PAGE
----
Religion in America

September 28th, 2011 in Belief. Tags: , , , , ,

We often hear that religion “poisons everything“, and that it is a delusion that causes people to do evil things (Physicist Stephen Weinberg once said: “for good people to do evil — that takes religion”.) Some people claim that religion is responsible for many of the evils in history – the crusades, witch-burning, war, genocide, oppression, etc.

But surveys today suggest that some of this rhetoric is not supported by the facts.

A survey of religion in America

I am not a fan of US christianity, but it is enlightening to see the results of a recent survey by university researchers. Robert Putnam (Harvard) and David Campbell (Notre Dame) undertook extensive research of religious attitudes in the US, and late last year published the results of their research in American Grace: How Religion Divides and Unites Us. I haven’t read the book, but I’ve seen an outline of their findings and an interview with David Campbell.

What they concluded

Among their findings were these:

  • Americans are more religiously devout than any other industrialised country (and more religious than Iranians), and also highly religiously diverse. Yet there is greater interfaith tolerance and acceptance than many might think.
  • Whereas there was a significant increase in evangelical christians in the period 1970 – 1990 and a small decrease in unbelief, these trends have reversed in the two decades since then, with evangelical christian numbers falling back to the former percentage while the number of the non-committed more than doubled.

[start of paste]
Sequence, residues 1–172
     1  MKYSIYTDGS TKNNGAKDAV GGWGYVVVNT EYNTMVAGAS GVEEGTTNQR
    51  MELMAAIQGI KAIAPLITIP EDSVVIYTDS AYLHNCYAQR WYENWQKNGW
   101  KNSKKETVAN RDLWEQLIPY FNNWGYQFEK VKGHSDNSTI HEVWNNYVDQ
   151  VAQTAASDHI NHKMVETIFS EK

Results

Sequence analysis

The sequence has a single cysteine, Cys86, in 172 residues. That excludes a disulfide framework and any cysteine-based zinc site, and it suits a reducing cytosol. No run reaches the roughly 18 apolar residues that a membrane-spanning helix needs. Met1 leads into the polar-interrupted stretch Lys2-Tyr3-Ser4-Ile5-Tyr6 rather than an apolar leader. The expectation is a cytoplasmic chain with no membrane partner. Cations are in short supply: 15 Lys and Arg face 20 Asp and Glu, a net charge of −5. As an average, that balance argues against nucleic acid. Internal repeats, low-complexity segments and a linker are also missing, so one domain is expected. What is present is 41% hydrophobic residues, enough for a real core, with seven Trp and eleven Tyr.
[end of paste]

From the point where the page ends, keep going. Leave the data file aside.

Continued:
• The present high correlation between christians and conservative politics (as expressed in Republican party identification) is only a recent thing – it didn’t really exist in 1970.
  • A majority of American christians seem to have no problems in seeing some good in other religions, and a vast majority (82%) of the most devout agreed that non-believers could be good people.

All this indicates that religion in the US is not as divisive as some would say. Perhaps it is a relatively small minority who cause perceived problems?

A few surprises

Among the study’s findings are these conclusions:

  • Religious Americans are better neighbors than secular Americans — more generous with their time and treasure, even for secular causes.

Religiously rooted social networks in America have a powerful effect in encouraging neighborliness and civic engagement.

  • Religious Americans tend to be less tolerant of civil libereties for minorities such as gays and unbelievers, but they are growing more tolerant at a faster rate than their secular compatriots.
  • As has been found in many other studies, religious people tend to be happier and more satisfied with life than non-religious.
  • Making friends with people from other religious (or irreligious) sub-groups tends to increase tolerance and acceptance of that group as a whole.

Hope for the future

I draw two encouraging thoughts from all this: